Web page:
3 Megatrends from the 2015 Shared Service Summit Melbourne: Economic Imperative!, Global Business Services has arrived and Untapped Value!

I was lucky enough to participate in this years Shared Service and Outsourcing Network Summit in Melbourne this week.   I came away intrigued and inspired at the further opportunities for ANZ businesses to deliver tangible value from shared services and take steps towards integrated Global Business Service Models.  I saw three megatrends:

1) Economic imperative: the current economic and competitive climate makes optimising shared and Business Services essential

An excellent presentation by Huw McKay (Senior International Economist, Westpac) highlighted the challenges the Australian economy faces in the coming years.  to adapt Driving further value from shared/business services will be an important part of cost optimisation in Australian business.  In my opinion, this cost pressure will also drive an increased focus on offshoring / outsourcing and ensure clients drive a hard bargain with their vendors!

Some of the key economic point I took away included (and there were many more in this excellent session):

  •  The Australian Dollar is likely to lose value against the US Dollar and only be worth $0.73-$0.76 in 15/16.  Clients looking to lock in/renegotiate existing contracts will follow fluctuations with interest!
  • Forecast Capital expenditure in the Australian economy is trending downwards toward 2016, with Services (which form the majority of our economy) switching from growth to contraction.  A clear bellweather of sentiment in the economy!
  • Across the Asia Pacific Huw highlighted some interesting insights relating to India.  Indian inflation and wage increases have been lower than many other offshoring destinations.  The market has reacted favourably to the appointment of VR Iyer as head of the Bank of India.  Indeed Wipro, Infosys and TCS have been holding wage increases for their staff to 2% – a signal that India will remain a cost competitive destination for the forsee-able future!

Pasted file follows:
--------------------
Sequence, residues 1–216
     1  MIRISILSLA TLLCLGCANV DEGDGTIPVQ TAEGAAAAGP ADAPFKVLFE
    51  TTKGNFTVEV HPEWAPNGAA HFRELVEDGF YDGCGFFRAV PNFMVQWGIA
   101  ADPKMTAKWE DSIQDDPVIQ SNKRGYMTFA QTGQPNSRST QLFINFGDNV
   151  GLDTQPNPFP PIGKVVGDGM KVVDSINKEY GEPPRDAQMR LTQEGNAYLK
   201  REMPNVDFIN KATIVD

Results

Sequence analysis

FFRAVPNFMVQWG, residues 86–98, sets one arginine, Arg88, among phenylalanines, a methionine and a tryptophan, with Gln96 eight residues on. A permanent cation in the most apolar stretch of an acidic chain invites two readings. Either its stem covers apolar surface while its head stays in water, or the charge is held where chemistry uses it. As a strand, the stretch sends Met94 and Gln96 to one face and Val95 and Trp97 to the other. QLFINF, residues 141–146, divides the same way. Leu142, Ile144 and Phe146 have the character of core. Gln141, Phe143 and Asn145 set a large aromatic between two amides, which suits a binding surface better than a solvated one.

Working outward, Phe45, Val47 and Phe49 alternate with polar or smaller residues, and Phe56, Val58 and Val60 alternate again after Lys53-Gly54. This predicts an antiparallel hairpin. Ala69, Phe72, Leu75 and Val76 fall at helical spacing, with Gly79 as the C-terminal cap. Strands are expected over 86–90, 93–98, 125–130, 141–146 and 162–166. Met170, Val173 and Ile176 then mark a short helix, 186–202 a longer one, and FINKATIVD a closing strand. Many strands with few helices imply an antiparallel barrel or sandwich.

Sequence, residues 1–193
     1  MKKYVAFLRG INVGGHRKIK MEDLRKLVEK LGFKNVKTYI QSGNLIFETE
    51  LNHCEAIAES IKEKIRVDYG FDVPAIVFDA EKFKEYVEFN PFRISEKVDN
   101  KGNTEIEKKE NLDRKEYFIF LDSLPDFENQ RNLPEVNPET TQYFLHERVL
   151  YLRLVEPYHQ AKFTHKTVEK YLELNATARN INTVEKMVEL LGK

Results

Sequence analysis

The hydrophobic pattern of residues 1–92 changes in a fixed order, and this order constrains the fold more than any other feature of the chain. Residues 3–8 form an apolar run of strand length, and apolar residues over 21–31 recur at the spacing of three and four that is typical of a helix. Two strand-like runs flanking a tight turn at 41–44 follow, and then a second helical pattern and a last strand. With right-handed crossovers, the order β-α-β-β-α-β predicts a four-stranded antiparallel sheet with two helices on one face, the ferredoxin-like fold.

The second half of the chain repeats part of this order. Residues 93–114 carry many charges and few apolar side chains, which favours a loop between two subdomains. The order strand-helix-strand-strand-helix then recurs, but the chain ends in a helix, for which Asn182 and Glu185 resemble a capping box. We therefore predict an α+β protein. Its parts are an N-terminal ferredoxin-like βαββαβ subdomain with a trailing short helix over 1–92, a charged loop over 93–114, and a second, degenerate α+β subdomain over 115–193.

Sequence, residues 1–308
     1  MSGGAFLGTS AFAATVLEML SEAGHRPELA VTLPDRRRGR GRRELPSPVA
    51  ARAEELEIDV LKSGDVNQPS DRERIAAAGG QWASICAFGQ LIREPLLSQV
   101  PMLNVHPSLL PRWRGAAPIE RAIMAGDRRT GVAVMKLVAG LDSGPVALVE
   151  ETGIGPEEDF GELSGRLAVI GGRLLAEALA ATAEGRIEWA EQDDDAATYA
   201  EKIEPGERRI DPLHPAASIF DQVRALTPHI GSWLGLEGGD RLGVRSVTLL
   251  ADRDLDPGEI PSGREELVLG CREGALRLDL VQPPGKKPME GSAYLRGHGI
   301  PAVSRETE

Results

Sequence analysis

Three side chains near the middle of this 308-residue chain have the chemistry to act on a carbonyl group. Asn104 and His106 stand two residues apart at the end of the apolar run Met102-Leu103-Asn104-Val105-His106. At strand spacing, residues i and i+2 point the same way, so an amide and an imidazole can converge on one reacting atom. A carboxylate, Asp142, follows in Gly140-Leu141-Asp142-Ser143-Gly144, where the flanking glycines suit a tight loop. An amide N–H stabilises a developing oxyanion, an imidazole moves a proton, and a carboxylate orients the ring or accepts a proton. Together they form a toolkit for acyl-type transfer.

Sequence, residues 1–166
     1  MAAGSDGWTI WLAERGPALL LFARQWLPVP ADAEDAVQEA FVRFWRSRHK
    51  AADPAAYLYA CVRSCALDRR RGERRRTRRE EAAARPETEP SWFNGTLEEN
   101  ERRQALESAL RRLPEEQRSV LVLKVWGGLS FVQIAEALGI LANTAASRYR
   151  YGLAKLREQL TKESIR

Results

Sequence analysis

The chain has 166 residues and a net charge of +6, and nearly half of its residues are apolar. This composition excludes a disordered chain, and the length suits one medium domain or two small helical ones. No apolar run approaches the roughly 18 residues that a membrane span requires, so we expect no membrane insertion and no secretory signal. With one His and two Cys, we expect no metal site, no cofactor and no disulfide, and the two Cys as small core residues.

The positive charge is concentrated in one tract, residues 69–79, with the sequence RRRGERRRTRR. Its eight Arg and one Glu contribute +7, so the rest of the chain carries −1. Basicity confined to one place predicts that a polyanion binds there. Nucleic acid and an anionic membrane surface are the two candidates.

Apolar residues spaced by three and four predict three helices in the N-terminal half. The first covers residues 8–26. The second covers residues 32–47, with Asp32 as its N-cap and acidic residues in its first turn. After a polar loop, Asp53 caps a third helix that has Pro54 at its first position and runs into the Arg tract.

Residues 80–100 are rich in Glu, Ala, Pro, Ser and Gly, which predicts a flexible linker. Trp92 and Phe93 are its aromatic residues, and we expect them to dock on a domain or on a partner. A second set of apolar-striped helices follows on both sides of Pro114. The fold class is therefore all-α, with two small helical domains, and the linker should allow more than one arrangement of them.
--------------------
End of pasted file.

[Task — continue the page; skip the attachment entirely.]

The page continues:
Global Business Services models are becoming the logical next step for Australian organisations regardless of scale

I chaired an expert panel with representatives from BP, ANZ Bank, Rio Tinto and MMG to evaluate the relevance of Global Business Service models for Australian businesses.

The largest organisations in Australia, which include RIO, BP and ANZ have all established multi-tower business service models providing a range of support and customer facing functions.  They are continuing to evolve these organisations and due to competitive and economic pressures are expecting to seek further ways to deliver value, not just from efficiency gains, but from effectiveness and delivering  value-added insight for the business.  Some key points made that I found interesting:

  • Ken Jefferd (BP’s Leader of GBS ANZ) and Marcantonio Maglione (Global Process Champion Finance from Rio Tinto) highlighted the “hybrid” nature of their business service models with services delivered by onshore, offshore and outsourced teams.  They stressed the importance of effectively communicating, collaborating and continuously working with remote/offshored teams to maximise value and relationships.  Marc also highlighted the importance of ensuring that work is appropriately allocated across BPO vendors and they stick to their defined scope.
  • But scale is not a barrier to GBS!  Lara Higson (GM Business Services) from MMG demonstrated how an Australian business can make a Global Business Service model work with as little as 100 FTE across 4 global locations.  Key factors in this success include Executive sponsorship, alignment to company strategy and common governance/oversight to ensure that each shared service acts in a coordinated way.
  • All of the speakers in the panel discussion highlighted that GBS was an ongoing journey and additional business value continuously needs to be found.
  • David Cecil (Group General Manager GBS at ANZ) highlighted the importance of the alignment of GBS vision, strategy and execution to the overall business strategy.